The time is always Now.

Once upon a time there was a beggar. He sat at a street corner, pleading for scraps. Anything – pennies, food, clothing. For thirty years, he had lived in dire poverty. One day a young man came along and asked him, “What is it that you sit on?”

“It’s an old wooden box.” mumbled the beggar.

‘Shall we have a look inside it?’

“It’s not worth looking at. I found it in a rubbish heap years ago.”

‘Ever looked inside?’

“No. What’s the point? There’s nothing in there.”

‘I can help you dust it down if you like.’

“Can you spare some change for me please?”

‘Yes. After we’ve looked at the box you sit on.’

“If you insist…”

They took the rotten old blanket off the wooden box and managed to pry it open. With utter disbelief, astonishment and elation they saw a heap of glittering gold-coins within.

While we look for scraps of pleasure, fulfillment, validation and security outside of us, the true wealth of deep unshakable peace and the radiant joy of Being lies within us. Inspired by “The Power of Now”, a book by Eckhart Tolle, I’ve been practicing making this moment the focus of my attention, surrendering to what is and saying ‘yes’ to life, noticing the direct relationship between inner resistance and pain, observing the subtle life-force that flows through my body, witnessing my emotions arise and cease as sensations in my chest and tummy. I have learnt to trust myself. I have found glimpses of freedom from my mind and felt my presence as one with the Universe. Who would’ve thought this possible?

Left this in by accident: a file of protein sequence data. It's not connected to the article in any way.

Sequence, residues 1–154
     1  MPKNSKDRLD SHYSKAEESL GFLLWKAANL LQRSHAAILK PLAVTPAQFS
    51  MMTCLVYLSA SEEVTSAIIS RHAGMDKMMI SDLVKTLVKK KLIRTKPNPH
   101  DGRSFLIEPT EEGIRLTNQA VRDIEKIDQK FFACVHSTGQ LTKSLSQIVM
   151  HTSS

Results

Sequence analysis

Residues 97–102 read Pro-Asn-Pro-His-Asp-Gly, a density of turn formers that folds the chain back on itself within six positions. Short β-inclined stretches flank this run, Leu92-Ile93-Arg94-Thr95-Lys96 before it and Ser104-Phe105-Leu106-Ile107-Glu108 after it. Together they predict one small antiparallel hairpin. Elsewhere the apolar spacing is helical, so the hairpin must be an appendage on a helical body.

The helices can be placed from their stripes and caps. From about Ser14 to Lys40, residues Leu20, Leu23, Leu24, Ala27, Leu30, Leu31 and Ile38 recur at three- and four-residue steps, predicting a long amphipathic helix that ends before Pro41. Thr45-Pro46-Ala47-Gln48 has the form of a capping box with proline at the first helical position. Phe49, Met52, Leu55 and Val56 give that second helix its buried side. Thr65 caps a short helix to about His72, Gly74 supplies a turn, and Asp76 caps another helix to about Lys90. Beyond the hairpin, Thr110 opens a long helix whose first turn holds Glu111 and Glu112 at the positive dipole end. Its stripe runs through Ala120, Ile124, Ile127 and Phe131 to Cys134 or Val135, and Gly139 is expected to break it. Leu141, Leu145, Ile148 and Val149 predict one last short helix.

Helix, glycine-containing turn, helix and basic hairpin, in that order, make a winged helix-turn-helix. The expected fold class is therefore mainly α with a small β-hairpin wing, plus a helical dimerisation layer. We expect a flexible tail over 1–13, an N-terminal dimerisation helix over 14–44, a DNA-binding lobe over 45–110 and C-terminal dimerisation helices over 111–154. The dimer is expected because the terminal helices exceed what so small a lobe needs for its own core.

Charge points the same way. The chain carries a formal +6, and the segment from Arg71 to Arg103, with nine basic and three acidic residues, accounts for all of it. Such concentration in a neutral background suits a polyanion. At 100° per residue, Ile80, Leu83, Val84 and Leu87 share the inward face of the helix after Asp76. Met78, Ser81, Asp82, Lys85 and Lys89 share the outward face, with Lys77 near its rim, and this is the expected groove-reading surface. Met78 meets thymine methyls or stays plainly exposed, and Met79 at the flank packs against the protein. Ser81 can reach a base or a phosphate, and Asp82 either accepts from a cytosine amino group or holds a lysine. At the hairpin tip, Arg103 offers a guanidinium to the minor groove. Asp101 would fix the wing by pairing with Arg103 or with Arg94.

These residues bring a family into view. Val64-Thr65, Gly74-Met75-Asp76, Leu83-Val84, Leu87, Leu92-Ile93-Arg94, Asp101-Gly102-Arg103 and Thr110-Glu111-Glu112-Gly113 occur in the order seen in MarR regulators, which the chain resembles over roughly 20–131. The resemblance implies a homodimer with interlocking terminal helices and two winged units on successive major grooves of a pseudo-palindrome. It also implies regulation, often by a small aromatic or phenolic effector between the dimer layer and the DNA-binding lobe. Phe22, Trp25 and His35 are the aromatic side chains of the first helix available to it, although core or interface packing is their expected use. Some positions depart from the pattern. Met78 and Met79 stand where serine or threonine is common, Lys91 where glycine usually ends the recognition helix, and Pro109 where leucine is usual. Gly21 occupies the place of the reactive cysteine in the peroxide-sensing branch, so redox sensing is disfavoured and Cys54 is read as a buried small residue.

Earlier this week I had the honour of sharing some of the theory, practice and research on this subject through an on-line presentation entitled “Making Friends with Now”. Many thanks to The Compassionate Friends for making this teaching accessible to many.

Making Friends with Now: https://youtu.be/TUC6PQ3l-Ls .

Beings of light

“Hi. I am Dr SM. I will be anaesthetising you for your procedure today. Could I ask you to please remove your mask so I can take a quick look at your teeth and airway? Thank you.”

My guess of how their whole face looks is often completely off the mark. They look more beautiful than I imagine especially if they remember to wear their smiles. I have missed smiles exchanged with random strangers walking around random shops and street corners. I have missed hugs from friends even more.

Countless nuclear fissions on the surface of the sun translate into radiation that hits the Earth’s atmosphere and creates an electro-magnetic field, some of which converts to heat and light. The green plants picks it up along with CO2 and through photosynthesis convert the sun’s energy to carbohydrates, proteins and fats. Our food takes these to the mitochondria in our cells. These little power-houses create fuel, energy and warmth through the process of cell-respiration. This solar event carries on within us at a molecular level.